30 Cited authorities

  1. Vermont Teddy Bear Co. v. 538 Madison Realty Co.

    1 N.Y.3d 470 (N.Y. 2004)   Cited 559 times
    Finding no intent to add terms where sophisticated parties could have added a term, but failed to do so
  2. Beal Sav. Bank v. Sommer

    8 N.Y.3d 318 (N.Y. 2007)   Cited 462 times   2 Legal Analyses
    Holding that a contract should not be interpreted so as to render any portion of it meaningless
  3. Ely-Cruikshank Co. v. Bank

    81 N.Y.2d 399 (N.Y. 1993)   Cited 409 times
    Holding that the statute of limitations accrues from time of breach
  4. R/S Associates v. New York Job Development Authority

    98 N.Y.2d 29 (N.Y. 2002)   Cited 291 times
    Holding that unless the court finds ambiguity, evidence outside the four corners of the contract is generally inadmissible
  5. Oppenheimer Co. v. Oppenheim

    86 N.Y.2d 685 (N.Y. 1995)   Cited 351 times   3 Legal Analyses
    Finding that a letter agreement contained an express condition precedent to contract formation where the agreement provided that the contract would be "null and void" unless the condition was fulfilled
  6. Great Canal Realty Corp. v. Seneca Ins. Co., Inc.

    5 N.Y.3d 742 (N.Y. 2005)   Cited 188 times
    In Great Canal Realty Corp. v Seneca Ins. Co., Inc. (5 NY3d 742, 743-744), the Court of Appeals stated that, while an insured's reasonable "good-faith belief of nonliability" may excuse a failure to give timely notice, "it may be relevant on the issue of reasonableness, whether and to what extent, the insured has inquired into the circumstances of the accident or occurrence" (internal quotation marks and citations omitted).
  7. Hahn Auto. Warehouse, Inc. v. Am. Zurich Ins. Co.

    2012 N.Y. Slip Op. 2344 (N.Y. 2012)   Cited 112 times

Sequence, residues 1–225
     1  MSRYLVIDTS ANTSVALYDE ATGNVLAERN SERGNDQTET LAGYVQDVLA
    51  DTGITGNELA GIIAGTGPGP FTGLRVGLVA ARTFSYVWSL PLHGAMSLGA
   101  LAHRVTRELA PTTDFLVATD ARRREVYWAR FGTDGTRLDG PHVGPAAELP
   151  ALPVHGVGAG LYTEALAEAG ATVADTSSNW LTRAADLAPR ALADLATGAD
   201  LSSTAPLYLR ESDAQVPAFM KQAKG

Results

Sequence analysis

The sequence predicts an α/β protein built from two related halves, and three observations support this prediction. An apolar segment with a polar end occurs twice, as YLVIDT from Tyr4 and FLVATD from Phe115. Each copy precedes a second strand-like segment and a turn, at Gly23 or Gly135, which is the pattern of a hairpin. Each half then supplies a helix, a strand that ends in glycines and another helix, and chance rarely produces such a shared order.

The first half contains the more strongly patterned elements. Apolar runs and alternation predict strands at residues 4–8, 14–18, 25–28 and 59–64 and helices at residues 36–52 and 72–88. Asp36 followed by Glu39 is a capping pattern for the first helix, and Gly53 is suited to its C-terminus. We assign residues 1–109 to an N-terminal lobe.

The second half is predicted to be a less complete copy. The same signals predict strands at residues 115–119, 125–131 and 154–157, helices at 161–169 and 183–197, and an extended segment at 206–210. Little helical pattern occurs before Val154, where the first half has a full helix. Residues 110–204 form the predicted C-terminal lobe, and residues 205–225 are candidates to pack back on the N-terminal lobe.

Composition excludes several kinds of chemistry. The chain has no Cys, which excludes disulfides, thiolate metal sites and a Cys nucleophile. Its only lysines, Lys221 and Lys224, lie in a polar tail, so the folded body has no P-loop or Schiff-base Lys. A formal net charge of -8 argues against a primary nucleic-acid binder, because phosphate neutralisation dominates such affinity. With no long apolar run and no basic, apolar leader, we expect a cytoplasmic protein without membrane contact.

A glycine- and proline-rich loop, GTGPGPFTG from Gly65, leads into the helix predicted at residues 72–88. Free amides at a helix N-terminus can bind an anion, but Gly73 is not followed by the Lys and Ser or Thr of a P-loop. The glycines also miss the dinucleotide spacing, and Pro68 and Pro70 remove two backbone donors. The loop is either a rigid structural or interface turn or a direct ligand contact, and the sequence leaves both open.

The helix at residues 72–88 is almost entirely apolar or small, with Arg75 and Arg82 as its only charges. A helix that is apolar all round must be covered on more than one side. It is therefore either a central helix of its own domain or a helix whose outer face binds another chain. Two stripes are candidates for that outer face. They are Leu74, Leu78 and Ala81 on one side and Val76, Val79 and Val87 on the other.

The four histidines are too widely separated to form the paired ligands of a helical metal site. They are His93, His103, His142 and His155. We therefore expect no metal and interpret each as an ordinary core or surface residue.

Assuming there is a right to payment when the party has the contractual right to, and does, demand unconditional payment
  8. John J. Kassner & Co. v. City of New York

    46 N.Y.2d 544 (N.Y. 1979)   Cited 274 times
    Holding that "the cause of action accrues and the Statute of Limitations begins to run from the time of the breach" of a contract
  9. Deutsche Bank Nat'l Trust Co. v. Quicken Loans Inc.

    810 F.3d 861 (2d Cir. 2015)   Cited 68 times   1 Legal Analyses
    Affirming decision to dismiss good-faith-and-fair-dealing-claim as duplicative of breach-of-contract claim
  10. Flanagan v. Mt. Eden Gen. Hosp

    24 N.Y.2d 427 (N.Y. 1969)   Cited 219 times
    Holding that "[when] a foreign object is left in a patient's body . . . no claim can be made that the patient's action may be feigned or frivolous . . . there is no possible causal break between the negligence of the doctor or hospital and the patient's injury . . . the danger of belated, false or frivolous claims is eliminated"
  11. Section 5-1401 - Choice of law

    N.Y. Gen. Oblig. Law § 5-1401   Cited 75 times   4 Legal Analyses
    Recognizing contracting parties' choice of New York law to govern certain major transactions
  12. Section 17-103 - Agreements waiving the statute of limitation

    N.Y. Gen. Oblig. Law § 17-103   Cited 73 times
    Reserving courts the power "to find that by reason of conduct of the party to be charged it is inequitable to permit him to interpose a defense of the statute of limitations."
  13. Section 500.13 - Content and form of briefs in normal course appeals

    N.Y. Comp. Codes R. & Regs. tit. 22 § 500.13

    (a) Content. All briefs shall conform to the requirements of section 500.1 of this Part and contain a table of contents, a table of cases and authorities, questions presented, point headings, and, if necessary, a disclosure statement pursuant to section 500.1(f) of this Part. Such disclosure statement shall be included before the table of contents in the party's principal brief. Appellant's brief shall include a statement showing that the court has jurisdiction to entertain the appeal and to review